• Tobacco

Who is Most Likely to Experience a Green Tooth?

Babies with jaundice, sepsis, blood disorders, and blood type incompatibility with their mother are at risk of developing green teeth. People with poor oral hygiene are also at risk, as are those who smoke or ingest dark-colored foods and drinks. 

How Do You Fix a Green Tooth?

Excluding a medical cause, the best way to fix green teeth is to make improvements to your oral health and lifestyle habits. Brushing your teeth twice a day, and flossing between your teeth every day, can help to lift away stains and stop them from coming back. For extra brightening power, try a whitening toothpaste, as these contain abrasives that can gently scrub away the more stubborn stains. If you use tobacco, quitting will do wonders not just for the color of your teeth, but your overall oral health. And don’t forget to keep up with your regular dental check-ups, as a good professional cleaning can help to keep green stains and other discoloration at bay. If you’ve tried to manage green teeth at home and you’re still seeing staining, ask your dentist about at-home or professional whitening options.

If you want a great smile, make sure your teeth are as white as they can be. Knowing what is causing your enamel discoloration is half the battle. To clean up your smile, improve your oral health regimen, and talk with your dental professional today.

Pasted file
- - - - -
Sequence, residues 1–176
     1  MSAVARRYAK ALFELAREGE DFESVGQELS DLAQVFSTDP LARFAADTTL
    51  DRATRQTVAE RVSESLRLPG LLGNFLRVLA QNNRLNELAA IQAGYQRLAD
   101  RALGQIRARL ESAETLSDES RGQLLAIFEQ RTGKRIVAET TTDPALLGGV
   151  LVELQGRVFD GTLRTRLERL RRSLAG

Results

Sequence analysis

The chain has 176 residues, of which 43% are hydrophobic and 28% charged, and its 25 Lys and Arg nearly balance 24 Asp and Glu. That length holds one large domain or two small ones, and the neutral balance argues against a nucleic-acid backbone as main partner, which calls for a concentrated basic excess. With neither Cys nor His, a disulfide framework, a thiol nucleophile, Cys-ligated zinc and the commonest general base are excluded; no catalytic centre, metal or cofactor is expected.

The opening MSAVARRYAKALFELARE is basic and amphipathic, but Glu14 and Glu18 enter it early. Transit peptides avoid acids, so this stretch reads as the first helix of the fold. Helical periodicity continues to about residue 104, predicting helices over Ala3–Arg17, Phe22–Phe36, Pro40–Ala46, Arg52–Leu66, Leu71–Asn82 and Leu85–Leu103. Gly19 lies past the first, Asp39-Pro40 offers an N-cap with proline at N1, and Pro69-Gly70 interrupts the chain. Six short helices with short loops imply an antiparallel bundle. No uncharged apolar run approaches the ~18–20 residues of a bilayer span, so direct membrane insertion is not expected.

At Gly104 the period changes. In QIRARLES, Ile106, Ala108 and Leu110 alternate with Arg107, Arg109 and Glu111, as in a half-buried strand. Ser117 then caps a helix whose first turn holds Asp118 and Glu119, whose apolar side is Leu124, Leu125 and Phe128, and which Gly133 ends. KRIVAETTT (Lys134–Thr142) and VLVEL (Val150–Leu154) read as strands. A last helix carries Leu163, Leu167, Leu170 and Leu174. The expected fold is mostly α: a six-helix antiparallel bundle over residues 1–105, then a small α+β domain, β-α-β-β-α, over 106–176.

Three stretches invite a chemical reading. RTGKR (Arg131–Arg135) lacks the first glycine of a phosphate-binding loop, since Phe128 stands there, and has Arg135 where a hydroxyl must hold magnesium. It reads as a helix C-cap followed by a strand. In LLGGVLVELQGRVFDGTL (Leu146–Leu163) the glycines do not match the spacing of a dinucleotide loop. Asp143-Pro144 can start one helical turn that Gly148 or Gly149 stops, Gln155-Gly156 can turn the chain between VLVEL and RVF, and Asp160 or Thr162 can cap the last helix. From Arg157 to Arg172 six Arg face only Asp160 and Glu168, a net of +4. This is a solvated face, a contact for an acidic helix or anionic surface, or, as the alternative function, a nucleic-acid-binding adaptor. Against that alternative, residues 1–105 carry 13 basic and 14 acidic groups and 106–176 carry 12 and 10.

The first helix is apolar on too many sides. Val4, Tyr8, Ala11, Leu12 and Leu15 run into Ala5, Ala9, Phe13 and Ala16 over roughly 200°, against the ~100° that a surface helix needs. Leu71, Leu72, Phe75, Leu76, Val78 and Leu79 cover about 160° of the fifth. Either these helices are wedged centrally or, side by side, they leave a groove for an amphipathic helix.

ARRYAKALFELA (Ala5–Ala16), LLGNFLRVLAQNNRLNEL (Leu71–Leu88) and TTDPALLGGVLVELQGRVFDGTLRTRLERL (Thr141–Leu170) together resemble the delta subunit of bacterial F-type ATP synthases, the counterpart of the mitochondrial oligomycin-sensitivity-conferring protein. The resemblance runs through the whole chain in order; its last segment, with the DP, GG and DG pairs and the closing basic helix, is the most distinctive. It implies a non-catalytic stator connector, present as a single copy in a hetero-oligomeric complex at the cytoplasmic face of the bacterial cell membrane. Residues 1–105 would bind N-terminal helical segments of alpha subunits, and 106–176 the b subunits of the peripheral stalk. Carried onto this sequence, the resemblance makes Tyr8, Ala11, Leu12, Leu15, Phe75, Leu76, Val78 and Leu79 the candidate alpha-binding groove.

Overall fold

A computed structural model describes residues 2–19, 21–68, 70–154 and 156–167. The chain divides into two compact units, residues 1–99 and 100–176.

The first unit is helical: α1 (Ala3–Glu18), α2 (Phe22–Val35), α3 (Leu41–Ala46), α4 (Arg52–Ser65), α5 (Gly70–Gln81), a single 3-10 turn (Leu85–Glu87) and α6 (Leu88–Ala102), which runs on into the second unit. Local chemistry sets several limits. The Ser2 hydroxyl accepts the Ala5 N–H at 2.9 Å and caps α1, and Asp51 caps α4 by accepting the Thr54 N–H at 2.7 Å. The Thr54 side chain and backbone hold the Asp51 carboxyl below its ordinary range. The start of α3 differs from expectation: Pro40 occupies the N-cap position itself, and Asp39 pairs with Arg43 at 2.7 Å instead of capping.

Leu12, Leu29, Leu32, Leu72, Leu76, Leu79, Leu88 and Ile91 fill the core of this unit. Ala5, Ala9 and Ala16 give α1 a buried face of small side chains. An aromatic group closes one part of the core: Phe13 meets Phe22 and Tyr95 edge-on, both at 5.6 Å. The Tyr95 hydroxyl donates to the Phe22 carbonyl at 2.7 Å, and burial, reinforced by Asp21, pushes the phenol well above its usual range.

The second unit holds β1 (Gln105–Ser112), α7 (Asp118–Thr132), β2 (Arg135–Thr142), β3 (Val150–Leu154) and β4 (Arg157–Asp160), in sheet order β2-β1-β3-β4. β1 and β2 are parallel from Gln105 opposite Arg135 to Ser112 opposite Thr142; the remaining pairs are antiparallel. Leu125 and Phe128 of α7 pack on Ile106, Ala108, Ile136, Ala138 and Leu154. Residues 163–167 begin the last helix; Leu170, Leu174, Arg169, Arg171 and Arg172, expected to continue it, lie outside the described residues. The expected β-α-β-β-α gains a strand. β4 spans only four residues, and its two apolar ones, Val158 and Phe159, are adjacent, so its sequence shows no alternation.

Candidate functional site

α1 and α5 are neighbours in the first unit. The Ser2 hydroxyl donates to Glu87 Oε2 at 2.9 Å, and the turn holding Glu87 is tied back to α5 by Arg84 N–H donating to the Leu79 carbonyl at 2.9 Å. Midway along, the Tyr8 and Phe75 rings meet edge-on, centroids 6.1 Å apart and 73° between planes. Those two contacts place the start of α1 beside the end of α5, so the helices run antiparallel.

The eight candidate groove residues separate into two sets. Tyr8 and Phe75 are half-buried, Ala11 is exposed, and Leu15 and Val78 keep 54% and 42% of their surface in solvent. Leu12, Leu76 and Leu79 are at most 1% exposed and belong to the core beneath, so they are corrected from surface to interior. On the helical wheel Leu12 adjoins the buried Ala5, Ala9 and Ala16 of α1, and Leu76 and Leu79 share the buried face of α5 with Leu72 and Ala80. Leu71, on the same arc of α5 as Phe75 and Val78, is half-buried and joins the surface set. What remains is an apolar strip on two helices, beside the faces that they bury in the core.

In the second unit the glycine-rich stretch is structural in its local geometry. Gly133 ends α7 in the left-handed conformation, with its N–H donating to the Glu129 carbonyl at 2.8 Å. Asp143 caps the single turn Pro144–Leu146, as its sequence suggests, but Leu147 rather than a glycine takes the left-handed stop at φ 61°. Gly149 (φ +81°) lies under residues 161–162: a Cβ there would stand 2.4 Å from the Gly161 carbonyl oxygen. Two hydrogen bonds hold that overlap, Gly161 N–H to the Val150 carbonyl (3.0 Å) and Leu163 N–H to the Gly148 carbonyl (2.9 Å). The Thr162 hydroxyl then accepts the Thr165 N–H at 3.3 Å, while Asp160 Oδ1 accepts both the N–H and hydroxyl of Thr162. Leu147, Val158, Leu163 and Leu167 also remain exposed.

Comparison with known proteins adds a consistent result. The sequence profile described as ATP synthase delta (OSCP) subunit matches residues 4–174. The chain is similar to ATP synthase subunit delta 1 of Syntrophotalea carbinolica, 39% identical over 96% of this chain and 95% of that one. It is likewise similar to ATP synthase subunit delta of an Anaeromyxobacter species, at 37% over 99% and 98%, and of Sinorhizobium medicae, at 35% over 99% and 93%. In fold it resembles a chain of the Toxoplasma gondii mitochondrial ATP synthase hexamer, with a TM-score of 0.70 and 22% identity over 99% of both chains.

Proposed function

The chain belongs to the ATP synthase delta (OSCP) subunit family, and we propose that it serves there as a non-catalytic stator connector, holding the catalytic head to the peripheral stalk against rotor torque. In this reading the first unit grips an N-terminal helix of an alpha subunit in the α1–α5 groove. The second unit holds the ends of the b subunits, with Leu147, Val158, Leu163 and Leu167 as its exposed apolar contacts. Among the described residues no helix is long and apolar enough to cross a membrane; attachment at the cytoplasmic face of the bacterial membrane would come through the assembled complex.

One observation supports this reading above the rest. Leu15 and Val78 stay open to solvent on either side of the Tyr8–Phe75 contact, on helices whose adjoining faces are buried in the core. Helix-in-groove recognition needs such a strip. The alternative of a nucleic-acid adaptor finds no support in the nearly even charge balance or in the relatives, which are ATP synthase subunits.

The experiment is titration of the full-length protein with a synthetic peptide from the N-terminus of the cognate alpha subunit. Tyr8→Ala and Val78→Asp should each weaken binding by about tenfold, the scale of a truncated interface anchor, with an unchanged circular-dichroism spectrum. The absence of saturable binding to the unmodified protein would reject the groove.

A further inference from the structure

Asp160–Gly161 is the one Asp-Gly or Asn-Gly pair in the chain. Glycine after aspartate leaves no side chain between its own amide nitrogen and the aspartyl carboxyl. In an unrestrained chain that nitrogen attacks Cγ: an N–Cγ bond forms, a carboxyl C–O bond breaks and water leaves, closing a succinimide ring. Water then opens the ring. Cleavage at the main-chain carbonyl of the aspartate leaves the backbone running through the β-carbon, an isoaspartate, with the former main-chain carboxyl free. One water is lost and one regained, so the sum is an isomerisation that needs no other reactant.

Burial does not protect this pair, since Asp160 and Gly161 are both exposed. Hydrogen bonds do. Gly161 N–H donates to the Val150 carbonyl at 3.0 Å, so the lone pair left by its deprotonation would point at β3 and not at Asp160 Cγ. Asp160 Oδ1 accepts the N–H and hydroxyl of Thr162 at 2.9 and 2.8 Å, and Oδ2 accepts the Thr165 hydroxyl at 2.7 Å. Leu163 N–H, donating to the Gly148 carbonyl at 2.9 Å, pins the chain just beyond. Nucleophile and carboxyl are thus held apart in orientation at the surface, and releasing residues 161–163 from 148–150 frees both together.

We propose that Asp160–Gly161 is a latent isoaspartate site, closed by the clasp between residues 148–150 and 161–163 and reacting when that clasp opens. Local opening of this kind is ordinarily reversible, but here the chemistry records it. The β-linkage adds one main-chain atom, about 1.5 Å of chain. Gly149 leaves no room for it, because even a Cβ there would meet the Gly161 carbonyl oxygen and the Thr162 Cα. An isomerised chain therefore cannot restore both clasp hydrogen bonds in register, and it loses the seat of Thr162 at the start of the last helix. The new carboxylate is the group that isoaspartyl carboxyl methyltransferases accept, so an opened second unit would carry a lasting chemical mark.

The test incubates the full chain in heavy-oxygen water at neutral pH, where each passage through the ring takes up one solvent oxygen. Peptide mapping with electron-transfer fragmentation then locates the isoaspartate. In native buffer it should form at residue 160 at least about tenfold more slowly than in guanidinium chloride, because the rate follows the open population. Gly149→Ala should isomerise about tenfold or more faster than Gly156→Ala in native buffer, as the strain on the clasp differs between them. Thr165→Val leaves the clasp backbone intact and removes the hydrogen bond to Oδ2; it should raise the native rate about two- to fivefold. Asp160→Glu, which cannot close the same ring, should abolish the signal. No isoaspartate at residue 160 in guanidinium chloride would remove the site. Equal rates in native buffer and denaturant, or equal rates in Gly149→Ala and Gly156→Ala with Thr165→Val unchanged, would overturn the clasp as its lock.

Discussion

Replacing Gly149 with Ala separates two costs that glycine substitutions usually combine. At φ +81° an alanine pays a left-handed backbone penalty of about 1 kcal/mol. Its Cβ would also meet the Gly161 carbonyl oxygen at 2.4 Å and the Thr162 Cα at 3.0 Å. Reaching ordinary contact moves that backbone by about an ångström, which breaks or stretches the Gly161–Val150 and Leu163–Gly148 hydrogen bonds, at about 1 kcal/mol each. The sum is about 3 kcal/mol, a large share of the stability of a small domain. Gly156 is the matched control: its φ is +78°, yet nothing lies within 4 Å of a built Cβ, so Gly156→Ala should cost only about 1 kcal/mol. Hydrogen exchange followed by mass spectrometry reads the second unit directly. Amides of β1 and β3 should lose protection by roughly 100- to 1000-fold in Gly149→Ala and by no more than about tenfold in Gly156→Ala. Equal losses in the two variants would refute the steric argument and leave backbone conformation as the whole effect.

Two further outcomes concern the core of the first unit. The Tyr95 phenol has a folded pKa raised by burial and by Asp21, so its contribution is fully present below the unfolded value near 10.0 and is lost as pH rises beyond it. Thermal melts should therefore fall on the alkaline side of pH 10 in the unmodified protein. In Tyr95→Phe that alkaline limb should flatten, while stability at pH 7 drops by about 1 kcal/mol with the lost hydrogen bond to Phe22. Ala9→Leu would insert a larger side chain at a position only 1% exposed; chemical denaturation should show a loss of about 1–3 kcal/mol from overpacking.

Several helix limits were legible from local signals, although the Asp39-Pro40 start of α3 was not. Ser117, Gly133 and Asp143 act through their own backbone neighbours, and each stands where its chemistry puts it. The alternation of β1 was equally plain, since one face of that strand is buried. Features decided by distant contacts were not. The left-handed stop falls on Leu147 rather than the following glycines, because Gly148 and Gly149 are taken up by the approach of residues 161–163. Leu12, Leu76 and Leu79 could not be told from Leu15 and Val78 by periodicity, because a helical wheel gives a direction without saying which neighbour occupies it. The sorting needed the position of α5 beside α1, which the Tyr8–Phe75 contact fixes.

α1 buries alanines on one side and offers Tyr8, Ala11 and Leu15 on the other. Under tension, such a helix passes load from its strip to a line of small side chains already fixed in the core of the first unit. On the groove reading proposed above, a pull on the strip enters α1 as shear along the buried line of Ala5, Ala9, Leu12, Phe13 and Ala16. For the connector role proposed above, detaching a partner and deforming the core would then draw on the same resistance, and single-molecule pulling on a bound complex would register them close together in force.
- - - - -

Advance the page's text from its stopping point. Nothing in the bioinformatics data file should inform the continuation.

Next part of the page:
Frequently Asked Questions About Green Tooth

Is it common to have green teeth?

Green teeth are a fairly uncommon type of staining. It’s much more common to have yellow or brown staining due to things like plaque build-up, poor oral hygiene and smoking. Children and adults with certain blood disorders are at greater risk of green teeth.

Is it bad if your teeth are green?

Green teeth are usually the result of poor oral hygiene, an infection or a medical condition. But while green teeth are never good news, they’re not something to panic about, either. Simply book an appointment with your dentist, who can advise you on oral hygiene measures, antimicrobials, or other treatment options.

How long does it take to get rid of green teeth?

That depends on the cause. It is not possible to whiten baby teeth in children that have turned green due to intrinsic causes like newborn jaundice. However, the teeth will eventually fall out and be replaced by natural-colored permanent teeth. For other causes of green teeth, a professional cleaning or an in-office whitening treatment can improve the color of teeth instantly, to varying degrees. Meanwhile, home whitening, oral hygiene, or antimicrobial therapies might take up to a couple of weeks to show improvements.


This article is intended to promote understanding of and knowledge about general oral health topics. It is not intended to be a substitute for professional advice, diagnosis or treatment. Always seek the advice of your dentist or other qualified healthcare provider with any questions you may have regarding a medical condition or treatment.


What's behind your smile?

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2.3 billion

people worldwide suffer from tooth decay


What's behind your smile?

Take our Oral Health assessment to get the most from your oral care routine


2.3 billion

people worldwide suffer from tooth decay